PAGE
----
What is TLS?
TLS is a protocol that provides a way for two parties to establish a secure communication channel between them.
But keep in mind that achieving this is no small feat. Look at TLS’ vulnerability history to see how hard it is.
TLS makes establishing a secure communication channel possible by providing three key services:
- Confidentiality: ensures that data exchanged between peers is kept secret from third-parties. This is especially important for sensitive data, like passwords, credit cards, and the embarrassing contents of our shopping carts. Confidentiality is the characteristic that is most commonly associated with TLS, and its purpose is usually well understood;
- Integrity: makes sure that data transmitted between peers is reliable and not tampered with during transit. Note that in the context of TLS, “integrity” refers to message authentication;
- Authentication: ensures that clients communicate with legitimate servers. This is fundamental for assuring both confidentiality, and integrity, by providing trustworthy keying material for encryption and message authentication. Note that authentication and integrity are always important, whether the transmitted data is confidential or not. Optionally, TLS can also be used to authenticate clients, e.g. through client certificates, but this is less common;
Why do we need TLS?
One common criticism against TLS is that “TLS is slow”; for the vast majority of use cases, it is a misconception, even more so in TLS 1.3.
Another argument is that “All information on my website is public, so I do not need TLS”. A service providing public information may not require confidentiality, but authentication and integrity should never be optional. Otherwise, a user visiting an unprotected website has no guarantees about the authenticity of the information contained on it. The user may be attacked or, at best, annoyed by a potential man-in-the-middle — think Wi-Fi networks, or less ethical ISPs.
Some possible attack scenarios follow.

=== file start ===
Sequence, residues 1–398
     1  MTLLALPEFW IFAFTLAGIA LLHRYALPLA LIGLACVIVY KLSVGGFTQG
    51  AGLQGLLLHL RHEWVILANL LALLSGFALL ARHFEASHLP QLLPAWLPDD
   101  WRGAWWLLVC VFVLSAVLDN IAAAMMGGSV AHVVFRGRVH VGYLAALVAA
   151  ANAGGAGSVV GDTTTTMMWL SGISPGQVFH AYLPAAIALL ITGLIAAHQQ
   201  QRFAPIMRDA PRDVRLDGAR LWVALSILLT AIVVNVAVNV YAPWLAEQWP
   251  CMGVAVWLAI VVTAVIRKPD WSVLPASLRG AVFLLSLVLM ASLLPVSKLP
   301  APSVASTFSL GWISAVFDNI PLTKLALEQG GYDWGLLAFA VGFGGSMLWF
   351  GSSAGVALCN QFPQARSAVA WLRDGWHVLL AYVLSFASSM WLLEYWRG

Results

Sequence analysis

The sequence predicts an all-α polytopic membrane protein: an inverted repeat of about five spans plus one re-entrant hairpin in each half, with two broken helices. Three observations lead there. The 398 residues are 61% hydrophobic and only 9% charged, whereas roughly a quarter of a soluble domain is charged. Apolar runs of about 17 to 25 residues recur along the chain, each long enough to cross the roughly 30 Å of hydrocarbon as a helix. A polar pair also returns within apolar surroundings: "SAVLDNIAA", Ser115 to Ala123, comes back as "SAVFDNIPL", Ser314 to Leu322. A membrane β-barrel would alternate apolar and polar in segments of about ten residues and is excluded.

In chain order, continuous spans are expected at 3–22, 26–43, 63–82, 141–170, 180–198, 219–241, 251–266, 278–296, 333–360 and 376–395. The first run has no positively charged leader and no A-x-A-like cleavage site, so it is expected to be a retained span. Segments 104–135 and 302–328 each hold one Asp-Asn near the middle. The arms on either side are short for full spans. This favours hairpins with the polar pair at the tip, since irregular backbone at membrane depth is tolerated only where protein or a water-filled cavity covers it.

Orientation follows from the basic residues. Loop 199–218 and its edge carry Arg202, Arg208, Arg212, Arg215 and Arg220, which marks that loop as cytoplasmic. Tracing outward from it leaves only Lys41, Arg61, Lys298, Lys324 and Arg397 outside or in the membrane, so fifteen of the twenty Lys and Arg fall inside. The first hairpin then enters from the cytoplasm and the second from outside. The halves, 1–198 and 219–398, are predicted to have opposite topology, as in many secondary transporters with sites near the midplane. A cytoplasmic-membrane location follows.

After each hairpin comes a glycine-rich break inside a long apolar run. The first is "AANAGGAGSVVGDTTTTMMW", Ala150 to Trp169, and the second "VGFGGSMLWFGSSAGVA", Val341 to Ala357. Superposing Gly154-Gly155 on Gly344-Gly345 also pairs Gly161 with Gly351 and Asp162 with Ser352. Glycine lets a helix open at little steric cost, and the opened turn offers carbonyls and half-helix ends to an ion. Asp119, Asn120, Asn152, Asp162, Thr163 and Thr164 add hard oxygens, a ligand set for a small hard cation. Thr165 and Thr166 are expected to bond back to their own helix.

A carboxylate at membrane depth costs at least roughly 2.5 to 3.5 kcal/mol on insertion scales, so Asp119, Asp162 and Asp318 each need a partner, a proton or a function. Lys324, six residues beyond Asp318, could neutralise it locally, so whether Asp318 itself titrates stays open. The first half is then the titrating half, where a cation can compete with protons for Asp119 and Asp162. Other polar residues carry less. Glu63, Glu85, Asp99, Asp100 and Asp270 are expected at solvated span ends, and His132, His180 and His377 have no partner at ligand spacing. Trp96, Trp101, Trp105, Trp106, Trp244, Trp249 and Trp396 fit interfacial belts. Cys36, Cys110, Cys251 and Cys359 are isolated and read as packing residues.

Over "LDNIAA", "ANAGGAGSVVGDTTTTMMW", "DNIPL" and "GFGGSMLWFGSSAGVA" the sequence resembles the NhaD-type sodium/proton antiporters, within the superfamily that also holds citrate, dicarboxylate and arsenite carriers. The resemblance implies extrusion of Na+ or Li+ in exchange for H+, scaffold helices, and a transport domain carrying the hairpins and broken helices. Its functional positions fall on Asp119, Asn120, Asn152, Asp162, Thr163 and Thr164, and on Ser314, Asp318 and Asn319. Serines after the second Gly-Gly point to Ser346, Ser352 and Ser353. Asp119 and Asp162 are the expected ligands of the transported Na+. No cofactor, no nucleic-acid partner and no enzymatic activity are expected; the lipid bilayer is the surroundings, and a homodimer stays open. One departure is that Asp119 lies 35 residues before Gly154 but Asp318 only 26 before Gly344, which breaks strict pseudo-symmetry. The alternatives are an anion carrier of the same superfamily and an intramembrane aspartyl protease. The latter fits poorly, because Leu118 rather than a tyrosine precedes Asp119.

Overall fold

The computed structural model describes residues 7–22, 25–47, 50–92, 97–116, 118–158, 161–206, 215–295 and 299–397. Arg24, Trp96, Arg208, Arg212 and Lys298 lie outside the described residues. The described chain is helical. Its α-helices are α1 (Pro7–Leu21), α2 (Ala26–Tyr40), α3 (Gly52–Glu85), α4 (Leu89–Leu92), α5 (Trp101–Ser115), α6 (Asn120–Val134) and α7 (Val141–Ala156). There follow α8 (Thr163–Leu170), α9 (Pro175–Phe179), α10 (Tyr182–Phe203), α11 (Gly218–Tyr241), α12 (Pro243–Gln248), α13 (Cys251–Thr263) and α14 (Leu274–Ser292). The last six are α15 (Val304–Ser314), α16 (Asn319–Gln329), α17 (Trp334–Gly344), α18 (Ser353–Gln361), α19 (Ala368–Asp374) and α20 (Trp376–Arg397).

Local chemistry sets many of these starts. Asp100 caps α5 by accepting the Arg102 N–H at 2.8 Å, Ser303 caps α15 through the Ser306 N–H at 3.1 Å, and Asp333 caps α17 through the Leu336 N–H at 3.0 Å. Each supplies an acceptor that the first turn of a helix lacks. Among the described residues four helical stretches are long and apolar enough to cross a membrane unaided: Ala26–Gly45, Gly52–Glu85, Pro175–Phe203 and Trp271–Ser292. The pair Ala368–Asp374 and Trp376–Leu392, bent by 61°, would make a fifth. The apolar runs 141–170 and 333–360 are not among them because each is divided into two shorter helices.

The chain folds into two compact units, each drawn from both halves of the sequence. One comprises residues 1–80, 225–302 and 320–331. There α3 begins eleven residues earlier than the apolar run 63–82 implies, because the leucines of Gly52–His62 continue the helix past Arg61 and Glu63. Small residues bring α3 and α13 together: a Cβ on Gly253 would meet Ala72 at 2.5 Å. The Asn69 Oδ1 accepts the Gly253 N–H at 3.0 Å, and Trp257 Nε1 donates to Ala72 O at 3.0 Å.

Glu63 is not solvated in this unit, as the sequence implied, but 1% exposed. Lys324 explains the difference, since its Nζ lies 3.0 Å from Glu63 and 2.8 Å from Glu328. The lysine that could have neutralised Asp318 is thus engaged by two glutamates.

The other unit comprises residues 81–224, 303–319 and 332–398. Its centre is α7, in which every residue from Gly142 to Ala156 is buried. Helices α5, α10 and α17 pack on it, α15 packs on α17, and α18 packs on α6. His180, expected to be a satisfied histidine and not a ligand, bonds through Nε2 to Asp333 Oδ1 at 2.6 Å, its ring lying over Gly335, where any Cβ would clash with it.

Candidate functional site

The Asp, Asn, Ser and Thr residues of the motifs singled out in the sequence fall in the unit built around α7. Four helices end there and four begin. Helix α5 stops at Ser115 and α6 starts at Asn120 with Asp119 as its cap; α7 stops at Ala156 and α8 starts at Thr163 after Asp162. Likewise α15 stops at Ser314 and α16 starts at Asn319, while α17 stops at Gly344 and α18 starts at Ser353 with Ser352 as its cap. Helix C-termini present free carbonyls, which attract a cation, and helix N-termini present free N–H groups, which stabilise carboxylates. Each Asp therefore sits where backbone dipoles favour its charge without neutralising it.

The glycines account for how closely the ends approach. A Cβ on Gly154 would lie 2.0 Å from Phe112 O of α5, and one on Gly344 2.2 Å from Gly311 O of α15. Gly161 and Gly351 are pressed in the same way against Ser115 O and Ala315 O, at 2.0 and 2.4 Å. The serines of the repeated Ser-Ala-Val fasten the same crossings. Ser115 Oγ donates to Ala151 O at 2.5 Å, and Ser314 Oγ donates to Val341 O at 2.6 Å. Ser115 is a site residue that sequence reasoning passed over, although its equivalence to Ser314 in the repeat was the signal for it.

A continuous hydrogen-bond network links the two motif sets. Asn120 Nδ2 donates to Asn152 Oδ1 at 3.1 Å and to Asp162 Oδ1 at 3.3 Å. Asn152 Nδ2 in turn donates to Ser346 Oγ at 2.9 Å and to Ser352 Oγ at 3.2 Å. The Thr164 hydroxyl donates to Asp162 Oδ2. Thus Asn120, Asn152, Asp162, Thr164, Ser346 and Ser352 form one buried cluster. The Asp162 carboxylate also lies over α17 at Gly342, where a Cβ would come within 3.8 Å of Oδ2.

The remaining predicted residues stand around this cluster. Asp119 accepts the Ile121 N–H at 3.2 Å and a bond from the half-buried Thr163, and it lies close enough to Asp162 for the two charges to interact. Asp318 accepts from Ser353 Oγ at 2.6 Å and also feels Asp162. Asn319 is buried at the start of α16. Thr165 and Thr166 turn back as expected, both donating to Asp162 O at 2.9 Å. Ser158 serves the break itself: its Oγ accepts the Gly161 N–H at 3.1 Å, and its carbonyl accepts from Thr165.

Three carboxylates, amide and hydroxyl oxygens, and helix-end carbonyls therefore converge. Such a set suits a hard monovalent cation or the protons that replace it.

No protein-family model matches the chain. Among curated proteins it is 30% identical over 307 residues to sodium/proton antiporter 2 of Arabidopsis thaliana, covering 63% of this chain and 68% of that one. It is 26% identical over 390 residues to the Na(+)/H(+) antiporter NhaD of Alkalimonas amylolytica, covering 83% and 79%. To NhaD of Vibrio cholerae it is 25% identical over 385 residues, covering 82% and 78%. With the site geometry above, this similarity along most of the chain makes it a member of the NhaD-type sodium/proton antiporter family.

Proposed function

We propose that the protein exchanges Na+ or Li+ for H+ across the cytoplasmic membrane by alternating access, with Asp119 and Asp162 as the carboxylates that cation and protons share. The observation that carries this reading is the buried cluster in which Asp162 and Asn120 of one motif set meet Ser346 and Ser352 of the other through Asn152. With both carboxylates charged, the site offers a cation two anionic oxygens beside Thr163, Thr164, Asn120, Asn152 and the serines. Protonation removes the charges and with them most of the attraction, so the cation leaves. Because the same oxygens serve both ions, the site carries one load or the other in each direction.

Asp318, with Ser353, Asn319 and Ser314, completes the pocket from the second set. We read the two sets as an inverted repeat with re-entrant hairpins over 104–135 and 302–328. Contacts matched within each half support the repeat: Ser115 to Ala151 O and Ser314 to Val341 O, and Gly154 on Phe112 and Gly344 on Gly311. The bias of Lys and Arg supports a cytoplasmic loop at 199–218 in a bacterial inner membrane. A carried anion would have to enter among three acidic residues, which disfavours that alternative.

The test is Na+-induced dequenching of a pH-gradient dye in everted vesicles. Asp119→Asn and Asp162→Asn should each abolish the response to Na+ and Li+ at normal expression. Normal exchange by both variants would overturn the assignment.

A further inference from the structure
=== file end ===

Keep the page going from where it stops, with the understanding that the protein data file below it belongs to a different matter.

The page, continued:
- Subtly change a small, but critical, piece of information on a website. Such as a bank account number, cryptocurrency wallet address, phone number, email, and others;
- Launch an “opportunistic cingryptojack” attack by injecting cryptocurrency mining code on the original webpage;
- Redirect the victim to a phishing page to steal their credentials;
A brief TLS timeline
In the beginning, there was SSL 1.0. Not much public information is available. According to one source, several design flaws, such as missing data integrity and no replay protection, prevented SSL 1.0 from seeing the light of day;
SSL 2.0, the first public version, is eventually released in March 1995, as part of Netscape Navigator 1.1 browser. Several security issues are found, such as cipher downgrade and length-extension attacks;
SSL 3.0 is released in March 1996, with Netscape Navigator 2, fixing several vulnerabilities found in SSL 2.0;
TLS 1.0, a.k.a. SSL 3.1, is released in January 1999, after a standardization effort by the IETF. It is an incremental evolution over SSL 3.0, bringing no dramatic changes;
TLS 1.1 is released in April 2006. It includes mitigations to attacks on CBC ciphers. One particular change, explicit initialization vectors, will eventually prevent BEAST, five years into the future;
TLS 1.2 is released in August 2008. Changes include support for authenticated encryption with associated data (AEAD) ciphers, like AES-GCM, and stricter protocol validations;
TLS 1.3 is released in August 2018. There are many major differences from TLS 1.2, to the point that some believe it should be called TLS 2.0. We will briefly cover them below.
What is new in TLS 1.3
1. Perfect-forward secrecy is now mandatory.
2. TLS 1.3 comes with a redesigned, safer and faster 1-RTT handshake. In TLS 1.3, after the initial handshake messages, everything is encrypted. This means that even server certificates are encrypted.
3, A ton of stuff was removed: renegotiation, compression, and many legacy algorithms: DSA, RC4, SHA1, MD5, CBC MAC-then-Encrypt ciphers
4. Supposedly lot more reselient against downgrade attacks